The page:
=> setenv usbnet_devaddr f8:dc:7a:00:00:02
=> setenv usbnet_hostaddr f8:dc:7a:00:00:01
=> setenv ethact usb_ether
=> setenv ipaddr
=> setenv netmask
=> setenv serverip

And now your are ready to use tftpboot over the usb_ether interface.


  • Once you run a network command, e.g. tftpboot, the gadget will be connected to your host PC and a new network adapter will be added to it, for the duration of the network interaction.
  • Note that you may need to configure your host PC to use the new network adapter properly - this configuration is OS dependent.

General U-Boot commands

List all supported commands and their description/usage (help command)

List all supported commands with a brief description for each one:

=> help

Print the description and usage of 'command':

=> help command

Environment handling commands

Print the values of all environment variables:

=> printenv

Print value of environment variable 'name':

=> printenv name

Set environment variable 'name' to 'value ...':

=> setenv name value ...

Delete environment variable 'name':

=> setenv name

Reset default environment:

=> env default -a

Save environment variables to persistent storage:

=> saveenv

File System access

List files in a directory (default /):

=> ls <interface> [<dev[:part]>] [directory]

For example:

List files in the BOOT partition of our NAND/eMMC Recovery SD card (after booting from it):
=> ls mmc 0:1
List files in directory /opt/images/Yocto in the rootfs partition of our NAND/eMMC Recovery SD card (after booting from it):
=> ls mmc 0:2 /opt/images/Yocto

Load binary file 'filename' from a partition to RAM address 'addr':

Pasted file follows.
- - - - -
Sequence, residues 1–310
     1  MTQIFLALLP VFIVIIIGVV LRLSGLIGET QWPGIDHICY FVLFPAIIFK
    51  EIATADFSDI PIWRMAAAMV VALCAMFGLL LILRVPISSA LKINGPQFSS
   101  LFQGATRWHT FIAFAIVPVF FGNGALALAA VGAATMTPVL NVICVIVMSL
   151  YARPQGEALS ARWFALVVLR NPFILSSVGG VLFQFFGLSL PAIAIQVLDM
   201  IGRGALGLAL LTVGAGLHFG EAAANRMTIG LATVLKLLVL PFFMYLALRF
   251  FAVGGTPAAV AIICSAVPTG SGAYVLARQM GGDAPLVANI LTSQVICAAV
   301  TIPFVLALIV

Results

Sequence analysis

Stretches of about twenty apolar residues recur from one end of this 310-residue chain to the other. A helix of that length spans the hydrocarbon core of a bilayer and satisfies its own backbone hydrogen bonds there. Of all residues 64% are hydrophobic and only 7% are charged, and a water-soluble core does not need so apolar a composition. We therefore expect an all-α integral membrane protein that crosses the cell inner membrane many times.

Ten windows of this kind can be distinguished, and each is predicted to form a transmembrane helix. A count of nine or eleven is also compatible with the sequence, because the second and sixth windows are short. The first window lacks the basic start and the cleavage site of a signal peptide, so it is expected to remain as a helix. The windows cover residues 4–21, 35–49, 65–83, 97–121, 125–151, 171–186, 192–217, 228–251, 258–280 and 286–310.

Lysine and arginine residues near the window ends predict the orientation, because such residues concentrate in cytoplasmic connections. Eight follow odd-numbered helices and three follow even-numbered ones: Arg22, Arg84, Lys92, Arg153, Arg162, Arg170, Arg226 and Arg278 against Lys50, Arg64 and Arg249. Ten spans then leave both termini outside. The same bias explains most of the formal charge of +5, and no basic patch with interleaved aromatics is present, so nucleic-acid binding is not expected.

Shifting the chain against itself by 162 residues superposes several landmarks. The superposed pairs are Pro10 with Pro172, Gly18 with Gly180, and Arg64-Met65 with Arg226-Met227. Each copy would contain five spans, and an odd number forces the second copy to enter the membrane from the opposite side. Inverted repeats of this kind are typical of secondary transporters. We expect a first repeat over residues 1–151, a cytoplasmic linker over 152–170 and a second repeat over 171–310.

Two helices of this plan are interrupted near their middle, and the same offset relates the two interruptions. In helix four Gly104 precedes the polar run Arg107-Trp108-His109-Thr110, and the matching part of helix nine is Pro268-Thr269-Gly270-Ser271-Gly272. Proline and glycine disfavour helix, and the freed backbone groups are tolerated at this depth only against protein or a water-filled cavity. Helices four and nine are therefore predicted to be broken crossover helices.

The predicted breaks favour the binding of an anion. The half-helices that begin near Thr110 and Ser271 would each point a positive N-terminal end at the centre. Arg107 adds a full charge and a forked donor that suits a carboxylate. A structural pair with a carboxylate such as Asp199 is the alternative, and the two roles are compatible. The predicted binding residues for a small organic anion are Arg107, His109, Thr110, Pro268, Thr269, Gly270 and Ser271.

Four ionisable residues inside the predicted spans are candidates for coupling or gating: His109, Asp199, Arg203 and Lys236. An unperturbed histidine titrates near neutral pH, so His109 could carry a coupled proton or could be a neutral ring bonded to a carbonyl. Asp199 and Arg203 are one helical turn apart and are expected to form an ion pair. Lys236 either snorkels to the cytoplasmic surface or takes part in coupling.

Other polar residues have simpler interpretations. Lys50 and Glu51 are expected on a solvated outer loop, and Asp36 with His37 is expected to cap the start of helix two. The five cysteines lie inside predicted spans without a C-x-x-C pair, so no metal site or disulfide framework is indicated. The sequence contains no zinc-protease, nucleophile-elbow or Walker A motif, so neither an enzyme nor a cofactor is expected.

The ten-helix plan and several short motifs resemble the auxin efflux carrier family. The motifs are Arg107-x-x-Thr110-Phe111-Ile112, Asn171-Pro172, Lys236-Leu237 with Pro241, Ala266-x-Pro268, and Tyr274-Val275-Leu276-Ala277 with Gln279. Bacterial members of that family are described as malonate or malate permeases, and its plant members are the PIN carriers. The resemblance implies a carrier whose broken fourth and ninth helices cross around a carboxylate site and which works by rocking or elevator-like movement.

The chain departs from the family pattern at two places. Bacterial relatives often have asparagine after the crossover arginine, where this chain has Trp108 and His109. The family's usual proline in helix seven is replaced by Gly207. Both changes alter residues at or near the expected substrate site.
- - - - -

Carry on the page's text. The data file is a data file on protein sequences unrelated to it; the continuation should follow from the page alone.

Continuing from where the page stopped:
=> load <interface> [<dev[:part]> [<addr> [<filename> [bytes [pos]]]]]

USB sub-system

To use the USB as host (connect a USB Storage or Ethernet Device to the board), you need to use the usb command.

usb start - start (scan) USB controller
usb reset - reset (rescan) USB controller
usb stop [f] - stop USB [f]=force stop
usb tree - show USB device tree
usb info [dev] - show available USB devices
usb test [dev] [port] [mode] - set USB 2.0 test mode
    (specify port 0 to indicate the device's upstream port)
    Available modes: J, K, S[E0_NAK], P[acket], F[orce_Enable]
usb storage - show details of USB storage devices
usb dev [dev] - show or set current USB storage device
usb part [dev] - print partition table of one or all USB storage    devices
usb read addr blk# cnt - read `cnt' blocks starting at block `blk#'
    to memory address `addr'
usb write addr blk# cnt - write `cnt' blocks starting at block `blk#'
    from memory address `addr'

First, connect your device to a USB port on the board.
After the device is connected, start the USB controller:

=> usb start

If you connect/disconnect devices after that, before you can access them you need to rescan the USB controller:

=> usb reset

Using a USB Storage Device

Once you connected the device and stated the USB controller, you can now use the regular File System commands mentioned above with it.
The <interface> in this case is 'usb'.